The solutions we are often offered for our world problems are as calculating and cold as the last, failed, set. In fact, some have commented that the central aspect of Western culture today is the failure to create anything new–caught in a holding pattern where regurgitation is the only option. For something to change…well…something’s gotta change.
And something IS changing:
“Until recently, the abilities that led to success in school, work, and business were characteristic of the left hemisphere. They were the sorts of linear, logical, analytical talents measured by SATs and deployed by CPAs. Today, those capabilities are still necessary. But they’re no longer sufficient. In a world upended by outsourcing, deluged with data, and choked with choices, the abilities that matter most are now closer in spirit to the specialties of the right hemisphere – artistry, empathy, seeing the big picture, and pursuing the transcendent”
Imaginers NOT Managers
“The spiritual life of the West, which is impoverished and depressed could be seen as a failure to engage with imagination”. The Bible is approached boringly, with absolute literalism. Church boards or elder councils are filled, not with artists and imaginers but with managers and pragmatists. On and on it goes…while the spiritual life of the West starves; not for lack of truth but for lack imagination on how to engage and express it.
Simply put, if religion (in the best sense) hopes to address the needs of the world today, hopes to relate to God in anything but rote isolation, hopes to experience lasting renewal it must reactivate it’s view of God as Artist(literally Creator), of spiritual community as Art (literally the product of imagination, experiment and authenticity), and individuals as artists (those who labor to conceive and birth visible expressions of hope and love.)
Was Jesus Creative?
Some people will challenge spiritual community, or church, as Art purely on the basis that they fail to see Jesus as a cultural creative. I think this may be short sighted. It may also stem from a literalist and unimaginative reading of the ancient texts. Consider that in the earliest communities of Christians thought it was important to remember 34 miracles and not one of them was a repeat of the one before. Consider that Jesus’ profession might accurately be called “story teller” because of his preferred mode of communication. Consider that a number of times he compelled his students to think creatively about how they would approach his world. Consider that one of his apprentices would later remember Jesus’ ministry not as miraculous but instead filled with artwork…pictures…symbols…literally SIGNS.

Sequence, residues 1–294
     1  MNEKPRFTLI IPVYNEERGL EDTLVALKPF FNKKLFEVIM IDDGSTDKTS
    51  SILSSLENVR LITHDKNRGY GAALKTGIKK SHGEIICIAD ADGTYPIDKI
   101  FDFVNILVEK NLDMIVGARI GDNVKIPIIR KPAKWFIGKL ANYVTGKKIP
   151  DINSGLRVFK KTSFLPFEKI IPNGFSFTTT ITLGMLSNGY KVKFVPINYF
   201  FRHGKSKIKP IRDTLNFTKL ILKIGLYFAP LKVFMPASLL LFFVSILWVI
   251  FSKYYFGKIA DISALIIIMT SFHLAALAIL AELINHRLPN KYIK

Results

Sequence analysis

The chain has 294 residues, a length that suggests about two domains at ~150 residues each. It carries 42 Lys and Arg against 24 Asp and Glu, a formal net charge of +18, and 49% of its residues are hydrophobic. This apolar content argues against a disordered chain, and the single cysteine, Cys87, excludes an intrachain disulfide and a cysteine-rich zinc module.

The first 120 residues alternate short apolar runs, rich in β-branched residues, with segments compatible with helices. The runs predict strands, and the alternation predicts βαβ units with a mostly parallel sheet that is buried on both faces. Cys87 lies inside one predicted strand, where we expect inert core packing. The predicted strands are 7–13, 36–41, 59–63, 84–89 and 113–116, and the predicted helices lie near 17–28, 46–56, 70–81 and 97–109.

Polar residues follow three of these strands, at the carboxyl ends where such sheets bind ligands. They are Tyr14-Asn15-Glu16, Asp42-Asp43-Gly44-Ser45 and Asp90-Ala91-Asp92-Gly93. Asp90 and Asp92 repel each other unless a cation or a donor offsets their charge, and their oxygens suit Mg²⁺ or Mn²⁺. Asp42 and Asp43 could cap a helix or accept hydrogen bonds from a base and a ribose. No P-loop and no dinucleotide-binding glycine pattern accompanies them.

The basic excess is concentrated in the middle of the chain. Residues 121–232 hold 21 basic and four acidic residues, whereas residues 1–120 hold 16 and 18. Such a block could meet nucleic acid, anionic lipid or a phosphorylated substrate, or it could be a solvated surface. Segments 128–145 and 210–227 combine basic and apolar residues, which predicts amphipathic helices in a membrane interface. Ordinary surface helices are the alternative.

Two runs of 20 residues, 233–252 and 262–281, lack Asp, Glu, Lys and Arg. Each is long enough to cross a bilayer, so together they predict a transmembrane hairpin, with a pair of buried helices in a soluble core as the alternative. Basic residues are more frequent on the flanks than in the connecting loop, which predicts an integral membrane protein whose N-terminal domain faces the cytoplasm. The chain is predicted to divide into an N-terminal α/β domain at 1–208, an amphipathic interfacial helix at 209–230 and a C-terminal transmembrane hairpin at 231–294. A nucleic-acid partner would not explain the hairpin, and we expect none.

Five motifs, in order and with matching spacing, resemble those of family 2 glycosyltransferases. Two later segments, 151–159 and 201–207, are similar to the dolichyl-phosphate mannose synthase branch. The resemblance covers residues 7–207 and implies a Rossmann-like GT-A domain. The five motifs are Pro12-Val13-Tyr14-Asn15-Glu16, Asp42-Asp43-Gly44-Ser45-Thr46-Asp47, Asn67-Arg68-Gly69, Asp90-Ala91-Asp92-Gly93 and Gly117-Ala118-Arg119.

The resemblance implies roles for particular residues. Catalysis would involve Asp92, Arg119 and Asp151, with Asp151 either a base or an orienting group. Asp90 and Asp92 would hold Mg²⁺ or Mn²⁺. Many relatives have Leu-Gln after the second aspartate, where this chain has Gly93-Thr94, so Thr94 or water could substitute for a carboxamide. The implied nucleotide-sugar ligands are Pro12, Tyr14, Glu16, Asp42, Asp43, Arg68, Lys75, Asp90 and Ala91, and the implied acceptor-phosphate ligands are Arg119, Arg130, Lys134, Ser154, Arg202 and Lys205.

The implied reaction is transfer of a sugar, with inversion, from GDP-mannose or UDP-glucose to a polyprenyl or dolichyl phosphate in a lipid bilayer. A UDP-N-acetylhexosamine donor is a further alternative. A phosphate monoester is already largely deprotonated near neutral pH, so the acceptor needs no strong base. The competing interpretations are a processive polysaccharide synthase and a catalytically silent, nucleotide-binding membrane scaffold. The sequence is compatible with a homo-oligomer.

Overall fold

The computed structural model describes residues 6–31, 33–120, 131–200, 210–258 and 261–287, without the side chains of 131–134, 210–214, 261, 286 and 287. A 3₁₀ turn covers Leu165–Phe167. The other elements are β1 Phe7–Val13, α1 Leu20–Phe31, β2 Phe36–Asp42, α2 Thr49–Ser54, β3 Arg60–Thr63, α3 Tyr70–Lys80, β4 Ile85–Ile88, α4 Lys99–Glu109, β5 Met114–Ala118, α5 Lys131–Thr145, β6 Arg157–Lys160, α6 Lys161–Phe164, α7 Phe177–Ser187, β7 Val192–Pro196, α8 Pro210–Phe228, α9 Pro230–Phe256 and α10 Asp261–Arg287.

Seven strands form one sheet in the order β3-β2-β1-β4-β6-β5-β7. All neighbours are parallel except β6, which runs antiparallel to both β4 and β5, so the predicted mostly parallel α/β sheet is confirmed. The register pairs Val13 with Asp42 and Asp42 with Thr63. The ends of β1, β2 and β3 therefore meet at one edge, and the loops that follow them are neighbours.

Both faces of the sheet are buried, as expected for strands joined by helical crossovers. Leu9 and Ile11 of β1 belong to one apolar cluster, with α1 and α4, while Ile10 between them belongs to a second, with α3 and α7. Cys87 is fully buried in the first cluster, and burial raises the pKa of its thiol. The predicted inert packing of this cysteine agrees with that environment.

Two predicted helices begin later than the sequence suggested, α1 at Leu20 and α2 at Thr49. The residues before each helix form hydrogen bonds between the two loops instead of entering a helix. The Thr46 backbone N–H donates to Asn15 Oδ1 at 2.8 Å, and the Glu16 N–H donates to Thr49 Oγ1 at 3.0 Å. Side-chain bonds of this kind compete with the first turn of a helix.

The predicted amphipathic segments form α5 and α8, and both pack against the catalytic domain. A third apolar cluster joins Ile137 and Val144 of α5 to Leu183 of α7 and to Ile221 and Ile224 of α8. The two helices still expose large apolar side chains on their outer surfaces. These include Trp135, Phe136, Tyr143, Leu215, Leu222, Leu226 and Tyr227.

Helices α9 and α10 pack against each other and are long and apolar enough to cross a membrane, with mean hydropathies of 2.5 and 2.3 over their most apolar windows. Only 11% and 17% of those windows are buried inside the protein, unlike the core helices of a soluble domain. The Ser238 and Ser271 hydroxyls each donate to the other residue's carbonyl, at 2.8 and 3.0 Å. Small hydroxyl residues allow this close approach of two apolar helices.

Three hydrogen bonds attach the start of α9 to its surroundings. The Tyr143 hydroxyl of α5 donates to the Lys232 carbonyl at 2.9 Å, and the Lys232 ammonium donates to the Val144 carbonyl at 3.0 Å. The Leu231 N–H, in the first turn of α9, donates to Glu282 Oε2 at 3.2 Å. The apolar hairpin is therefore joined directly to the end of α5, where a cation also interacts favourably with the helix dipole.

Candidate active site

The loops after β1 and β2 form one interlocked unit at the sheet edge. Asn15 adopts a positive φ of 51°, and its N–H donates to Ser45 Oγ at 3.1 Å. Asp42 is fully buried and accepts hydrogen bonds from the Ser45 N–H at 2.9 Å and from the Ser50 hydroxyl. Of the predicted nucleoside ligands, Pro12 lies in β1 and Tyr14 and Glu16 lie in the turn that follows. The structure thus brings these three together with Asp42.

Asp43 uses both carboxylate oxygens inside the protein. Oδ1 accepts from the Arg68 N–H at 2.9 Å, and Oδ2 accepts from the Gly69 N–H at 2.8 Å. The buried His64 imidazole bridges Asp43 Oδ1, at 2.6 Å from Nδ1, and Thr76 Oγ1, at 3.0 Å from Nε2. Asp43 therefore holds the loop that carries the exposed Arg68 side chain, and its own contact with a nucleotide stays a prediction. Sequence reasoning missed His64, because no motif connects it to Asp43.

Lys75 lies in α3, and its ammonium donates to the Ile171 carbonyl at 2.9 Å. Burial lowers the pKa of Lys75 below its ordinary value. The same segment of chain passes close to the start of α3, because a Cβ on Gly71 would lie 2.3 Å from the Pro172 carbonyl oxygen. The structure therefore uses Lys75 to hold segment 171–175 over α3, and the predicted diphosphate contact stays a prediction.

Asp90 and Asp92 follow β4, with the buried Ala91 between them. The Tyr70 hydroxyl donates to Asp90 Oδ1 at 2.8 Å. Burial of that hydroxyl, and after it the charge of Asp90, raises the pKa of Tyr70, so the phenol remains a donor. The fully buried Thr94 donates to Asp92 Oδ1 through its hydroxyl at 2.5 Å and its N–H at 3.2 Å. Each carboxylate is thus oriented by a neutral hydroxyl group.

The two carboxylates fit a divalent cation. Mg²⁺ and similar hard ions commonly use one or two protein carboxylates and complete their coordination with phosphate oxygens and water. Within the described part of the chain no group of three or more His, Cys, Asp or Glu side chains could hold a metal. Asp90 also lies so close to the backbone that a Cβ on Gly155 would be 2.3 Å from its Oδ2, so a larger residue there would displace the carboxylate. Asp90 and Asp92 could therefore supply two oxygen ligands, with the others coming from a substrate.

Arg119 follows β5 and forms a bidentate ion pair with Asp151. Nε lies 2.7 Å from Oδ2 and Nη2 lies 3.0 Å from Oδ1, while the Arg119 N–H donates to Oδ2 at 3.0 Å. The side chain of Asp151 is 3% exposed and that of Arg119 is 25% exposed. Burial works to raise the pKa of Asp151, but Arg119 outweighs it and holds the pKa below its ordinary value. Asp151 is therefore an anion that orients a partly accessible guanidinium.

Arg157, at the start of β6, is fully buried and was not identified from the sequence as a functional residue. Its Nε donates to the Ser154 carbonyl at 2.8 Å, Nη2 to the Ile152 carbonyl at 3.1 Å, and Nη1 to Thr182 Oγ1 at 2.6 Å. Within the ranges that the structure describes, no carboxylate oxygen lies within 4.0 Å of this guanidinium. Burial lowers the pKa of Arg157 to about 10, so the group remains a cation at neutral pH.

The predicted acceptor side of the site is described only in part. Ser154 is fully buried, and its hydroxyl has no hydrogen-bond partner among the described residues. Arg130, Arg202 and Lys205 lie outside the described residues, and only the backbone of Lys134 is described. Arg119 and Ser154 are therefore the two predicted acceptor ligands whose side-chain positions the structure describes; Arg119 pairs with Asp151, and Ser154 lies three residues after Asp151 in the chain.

I would suggest that viewing Jesus as an artist and provocateur may be one of the most important shifts in transitioning from a shame based reading of Christianity to one of hope and joy.
This will require some unblocking. Most of us mistrust our creative sensibilities. Imagination is culturally another word for “fake” or “not real”. And so many have been conditioned to think critically not creatively that their inner critic is a giant compared to the grasshopper of their imagination. In order to approach the deep issues facing the world currently, in order to live and participate in community and indeed perhaps even in order to approach God in a journey of transformation, we may need to simply learn how to approach a blank page or a canvas or a lump of clay. The liberation of one faculty of creativity allows for release in other areas also.
So…let’s be creative…let’s explore and discover and then express those monumental and mundane artifacts that are generated. Let’s celebrate. And most of all, let’s learn to re-engage the God, each other, and our selves with experiment, authenticity, and imagination…as art.